My dilemma then is what to do with the pin oak.  I could cut down the Royal Empress tree again as I am sure that it will have another short lifespan, but then rise like a phoenix from the ashes, and let the Oak dominate.  Alternately I could try to move the Oak and let the Royal Empress dominate, knowing that it only has about a dozen years of life before beginning anew.

If you are wanting to harvest timber, the Royal Empress tree might be ideal.  It does grow fast--10-15 years ago before it has its first die-back, after which it will coppice back very quickly.  This is a pretty good deal for silviculture where normally the growth time to maturity is measured in decades at least as opposed to a few years.  I would expect you to be able to harvest quite a bit of wood very quickly.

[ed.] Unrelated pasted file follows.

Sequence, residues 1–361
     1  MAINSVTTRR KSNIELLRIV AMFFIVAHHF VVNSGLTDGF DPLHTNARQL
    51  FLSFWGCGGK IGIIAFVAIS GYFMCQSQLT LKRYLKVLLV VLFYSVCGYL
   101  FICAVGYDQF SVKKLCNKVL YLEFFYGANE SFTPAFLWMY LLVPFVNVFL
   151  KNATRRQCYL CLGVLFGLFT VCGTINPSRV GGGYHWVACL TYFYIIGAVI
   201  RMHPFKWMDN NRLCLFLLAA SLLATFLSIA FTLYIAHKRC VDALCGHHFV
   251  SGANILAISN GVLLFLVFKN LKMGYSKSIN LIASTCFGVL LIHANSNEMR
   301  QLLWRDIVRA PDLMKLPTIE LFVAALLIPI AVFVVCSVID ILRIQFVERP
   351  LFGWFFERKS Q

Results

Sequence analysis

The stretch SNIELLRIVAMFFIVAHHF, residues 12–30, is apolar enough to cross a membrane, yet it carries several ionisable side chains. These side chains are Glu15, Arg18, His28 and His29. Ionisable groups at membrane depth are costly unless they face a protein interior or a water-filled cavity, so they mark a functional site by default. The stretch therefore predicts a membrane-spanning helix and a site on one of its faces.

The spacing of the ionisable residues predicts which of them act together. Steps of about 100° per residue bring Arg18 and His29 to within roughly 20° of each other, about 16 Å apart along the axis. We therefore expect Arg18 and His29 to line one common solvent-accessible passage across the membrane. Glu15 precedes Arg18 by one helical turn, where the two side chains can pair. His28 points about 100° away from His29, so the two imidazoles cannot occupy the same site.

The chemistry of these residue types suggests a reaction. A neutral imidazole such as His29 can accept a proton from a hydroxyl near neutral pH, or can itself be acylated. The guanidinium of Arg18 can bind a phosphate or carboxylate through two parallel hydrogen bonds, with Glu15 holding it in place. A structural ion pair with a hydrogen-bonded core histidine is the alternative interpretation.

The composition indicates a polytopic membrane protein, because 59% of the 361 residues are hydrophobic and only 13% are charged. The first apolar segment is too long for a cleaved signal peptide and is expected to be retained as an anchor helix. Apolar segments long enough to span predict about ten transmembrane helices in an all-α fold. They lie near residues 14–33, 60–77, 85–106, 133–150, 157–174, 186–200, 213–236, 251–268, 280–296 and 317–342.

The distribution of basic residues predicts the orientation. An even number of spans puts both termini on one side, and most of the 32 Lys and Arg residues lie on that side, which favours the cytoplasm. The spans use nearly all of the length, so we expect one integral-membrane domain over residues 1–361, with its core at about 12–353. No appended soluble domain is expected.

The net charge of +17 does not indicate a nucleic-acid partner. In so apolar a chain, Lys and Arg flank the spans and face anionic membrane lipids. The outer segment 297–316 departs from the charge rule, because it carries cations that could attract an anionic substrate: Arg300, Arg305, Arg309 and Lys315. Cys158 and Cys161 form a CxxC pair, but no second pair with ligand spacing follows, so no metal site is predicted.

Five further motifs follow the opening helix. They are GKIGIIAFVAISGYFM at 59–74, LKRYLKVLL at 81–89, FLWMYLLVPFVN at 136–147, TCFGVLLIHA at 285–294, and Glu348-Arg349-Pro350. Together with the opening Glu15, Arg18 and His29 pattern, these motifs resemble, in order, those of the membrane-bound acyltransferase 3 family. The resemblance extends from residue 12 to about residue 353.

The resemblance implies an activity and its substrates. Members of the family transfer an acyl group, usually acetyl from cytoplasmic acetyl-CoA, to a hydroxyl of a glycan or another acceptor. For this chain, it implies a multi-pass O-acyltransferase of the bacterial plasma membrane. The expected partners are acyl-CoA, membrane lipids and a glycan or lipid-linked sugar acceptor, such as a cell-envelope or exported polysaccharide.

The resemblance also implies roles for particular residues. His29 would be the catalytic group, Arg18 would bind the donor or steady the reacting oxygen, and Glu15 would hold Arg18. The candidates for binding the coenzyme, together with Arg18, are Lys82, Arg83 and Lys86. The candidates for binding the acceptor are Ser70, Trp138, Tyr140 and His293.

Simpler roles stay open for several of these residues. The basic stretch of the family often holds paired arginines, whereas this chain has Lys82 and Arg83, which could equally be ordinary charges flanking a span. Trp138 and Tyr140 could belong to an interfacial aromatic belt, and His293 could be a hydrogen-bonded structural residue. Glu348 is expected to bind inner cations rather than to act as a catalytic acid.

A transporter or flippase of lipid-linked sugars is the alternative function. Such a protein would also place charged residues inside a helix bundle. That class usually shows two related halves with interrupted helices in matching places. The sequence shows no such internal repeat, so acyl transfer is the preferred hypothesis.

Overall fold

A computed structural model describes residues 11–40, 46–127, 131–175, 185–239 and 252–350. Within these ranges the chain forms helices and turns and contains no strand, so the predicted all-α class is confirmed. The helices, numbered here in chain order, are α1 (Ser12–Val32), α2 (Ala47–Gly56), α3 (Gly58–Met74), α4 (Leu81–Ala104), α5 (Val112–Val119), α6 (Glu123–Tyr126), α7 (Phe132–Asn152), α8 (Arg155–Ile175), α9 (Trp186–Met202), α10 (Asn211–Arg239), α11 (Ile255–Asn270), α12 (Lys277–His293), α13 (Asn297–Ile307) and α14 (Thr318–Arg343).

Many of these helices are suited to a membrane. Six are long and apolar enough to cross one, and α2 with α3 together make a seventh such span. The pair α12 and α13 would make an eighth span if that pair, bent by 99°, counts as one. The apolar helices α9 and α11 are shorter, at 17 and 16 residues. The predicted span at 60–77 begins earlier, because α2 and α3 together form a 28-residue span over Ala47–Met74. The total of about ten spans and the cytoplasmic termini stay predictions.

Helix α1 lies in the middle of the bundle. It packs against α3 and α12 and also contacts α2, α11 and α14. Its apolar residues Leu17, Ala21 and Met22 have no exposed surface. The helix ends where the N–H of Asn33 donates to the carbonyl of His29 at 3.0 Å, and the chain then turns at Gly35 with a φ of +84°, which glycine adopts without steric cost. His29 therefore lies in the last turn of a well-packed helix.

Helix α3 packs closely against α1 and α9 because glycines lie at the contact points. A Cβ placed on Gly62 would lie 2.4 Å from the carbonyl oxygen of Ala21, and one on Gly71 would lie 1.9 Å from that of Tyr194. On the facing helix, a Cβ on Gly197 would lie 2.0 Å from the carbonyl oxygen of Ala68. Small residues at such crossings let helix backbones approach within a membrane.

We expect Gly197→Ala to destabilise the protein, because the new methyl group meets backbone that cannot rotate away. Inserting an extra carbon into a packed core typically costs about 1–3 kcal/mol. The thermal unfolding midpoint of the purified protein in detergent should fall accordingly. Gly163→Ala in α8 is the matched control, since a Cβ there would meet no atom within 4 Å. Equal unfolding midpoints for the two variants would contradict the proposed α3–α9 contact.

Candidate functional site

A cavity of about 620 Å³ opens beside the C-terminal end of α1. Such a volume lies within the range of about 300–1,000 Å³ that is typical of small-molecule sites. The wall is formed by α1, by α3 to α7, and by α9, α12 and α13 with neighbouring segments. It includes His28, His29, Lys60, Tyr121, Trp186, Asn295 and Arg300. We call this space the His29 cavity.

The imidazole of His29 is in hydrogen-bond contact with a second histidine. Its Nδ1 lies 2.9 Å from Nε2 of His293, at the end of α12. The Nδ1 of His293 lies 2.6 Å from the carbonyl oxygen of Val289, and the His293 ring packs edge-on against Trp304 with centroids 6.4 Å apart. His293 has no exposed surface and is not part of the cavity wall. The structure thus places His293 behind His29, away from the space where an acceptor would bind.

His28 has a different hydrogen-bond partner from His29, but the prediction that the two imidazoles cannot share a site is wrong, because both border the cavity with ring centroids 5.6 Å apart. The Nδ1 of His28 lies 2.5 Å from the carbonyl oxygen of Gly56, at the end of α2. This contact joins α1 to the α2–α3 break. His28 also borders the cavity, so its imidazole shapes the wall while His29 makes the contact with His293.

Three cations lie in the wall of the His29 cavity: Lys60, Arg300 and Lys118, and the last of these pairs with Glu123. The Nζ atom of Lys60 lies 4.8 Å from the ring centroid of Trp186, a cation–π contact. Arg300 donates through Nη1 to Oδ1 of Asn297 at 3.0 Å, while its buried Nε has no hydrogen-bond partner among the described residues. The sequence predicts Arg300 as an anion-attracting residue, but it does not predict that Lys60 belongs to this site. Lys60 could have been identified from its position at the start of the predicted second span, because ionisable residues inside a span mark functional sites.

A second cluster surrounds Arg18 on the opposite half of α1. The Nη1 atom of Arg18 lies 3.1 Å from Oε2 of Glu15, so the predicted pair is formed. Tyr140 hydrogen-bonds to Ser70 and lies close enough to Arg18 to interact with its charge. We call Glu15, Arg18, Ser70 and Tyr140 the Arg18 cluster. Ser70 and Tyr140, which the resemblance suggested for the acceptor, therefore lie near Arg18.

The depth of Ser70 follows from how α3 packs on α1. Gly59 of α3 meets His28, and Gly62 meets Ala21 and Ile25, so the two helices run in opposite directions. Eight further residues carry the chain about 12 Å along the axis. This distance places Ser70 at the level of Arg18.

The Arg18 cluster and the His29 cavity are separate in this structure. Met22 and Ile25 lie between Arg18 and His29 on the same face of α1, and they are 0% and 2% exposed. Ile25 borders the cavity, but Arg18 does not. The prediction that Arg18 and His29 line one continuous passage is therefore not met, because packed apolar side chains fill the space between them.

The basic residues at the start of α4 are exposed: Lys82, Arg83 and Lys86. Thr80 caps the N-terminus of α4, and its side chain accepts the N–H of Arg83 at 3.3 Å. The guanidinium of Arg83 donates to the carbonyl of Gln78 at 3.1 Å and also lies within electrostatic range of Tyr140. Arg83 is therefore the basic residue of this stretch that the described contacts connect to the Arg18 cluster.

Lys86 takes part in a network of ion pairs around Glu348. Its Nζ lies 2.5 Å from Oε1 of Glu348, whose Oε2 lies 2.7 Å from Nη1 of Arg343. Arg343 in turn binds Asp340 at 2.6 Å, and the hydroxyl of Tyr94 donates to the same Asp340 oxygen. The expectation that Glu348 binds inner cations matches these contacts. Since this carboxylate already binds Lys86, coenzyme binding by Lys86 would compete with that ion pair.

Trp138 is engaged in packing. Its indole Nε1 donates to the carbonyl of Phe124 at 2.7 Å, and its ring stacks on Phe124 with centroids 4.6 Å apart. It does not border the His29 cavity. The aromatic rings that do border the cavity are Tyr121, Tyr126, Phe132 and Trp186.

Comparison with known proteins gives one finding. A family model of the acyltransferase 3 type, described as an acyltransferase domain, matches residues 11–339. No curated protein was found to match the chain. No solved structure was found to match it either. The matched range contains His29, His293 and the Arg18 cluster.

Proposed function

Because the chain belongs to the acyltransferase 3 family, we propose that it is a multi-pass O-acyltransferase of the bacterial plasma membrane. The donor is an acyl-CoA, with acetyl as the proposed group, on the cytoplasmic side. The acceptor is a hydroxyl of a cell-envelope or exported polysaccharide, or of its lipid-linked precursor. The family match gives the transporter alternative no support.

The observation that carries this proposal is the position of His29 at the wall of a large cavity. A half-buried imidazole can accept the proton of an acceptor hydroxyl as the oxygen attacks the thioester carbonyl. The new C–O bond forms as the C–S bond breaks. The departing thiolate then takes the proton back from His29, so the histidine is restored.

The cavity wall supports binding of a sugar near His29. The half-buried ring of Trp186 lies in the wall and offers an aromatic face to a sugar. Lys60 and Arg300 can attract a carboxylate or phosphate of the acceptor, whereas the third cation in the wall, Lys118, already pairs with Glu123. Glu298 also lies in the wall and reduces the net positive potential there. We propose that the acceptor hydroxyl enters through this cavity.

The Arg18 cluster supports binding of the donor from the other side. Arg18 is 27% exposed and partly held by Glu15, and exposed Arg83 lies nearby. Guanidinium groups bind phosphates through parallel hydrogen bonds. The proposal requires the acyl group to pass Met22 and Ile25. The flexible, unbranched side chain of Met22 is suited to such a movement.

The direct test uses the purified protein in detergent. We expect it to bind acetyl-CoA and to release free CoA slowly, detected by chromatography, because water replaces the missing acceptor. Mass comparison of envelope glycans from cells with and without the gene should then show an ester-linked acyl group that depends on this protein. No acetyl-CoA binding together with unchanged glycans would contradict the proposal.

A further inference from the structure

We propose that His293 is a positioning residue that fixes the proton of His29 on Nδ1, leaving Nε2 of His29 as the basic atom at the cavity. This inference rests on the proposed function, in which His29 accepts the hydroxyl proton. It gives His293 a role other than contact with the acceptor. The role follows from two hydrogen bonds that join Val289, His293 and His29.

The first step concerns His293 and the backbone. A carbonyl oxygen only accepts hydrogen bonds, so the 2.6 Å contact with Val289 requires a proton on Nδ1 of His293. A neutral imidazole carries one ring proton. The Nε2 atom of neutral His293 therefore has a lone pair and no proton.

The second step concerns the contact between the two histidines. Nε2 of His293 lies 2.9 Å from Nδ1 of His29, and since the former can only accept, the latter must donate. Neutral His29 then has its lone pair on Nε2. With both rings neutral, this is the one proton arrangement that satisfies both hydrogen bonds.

Anyhow, I just thought I would share my experience as it seems to dovetail with your plans.

Good luck,

Eric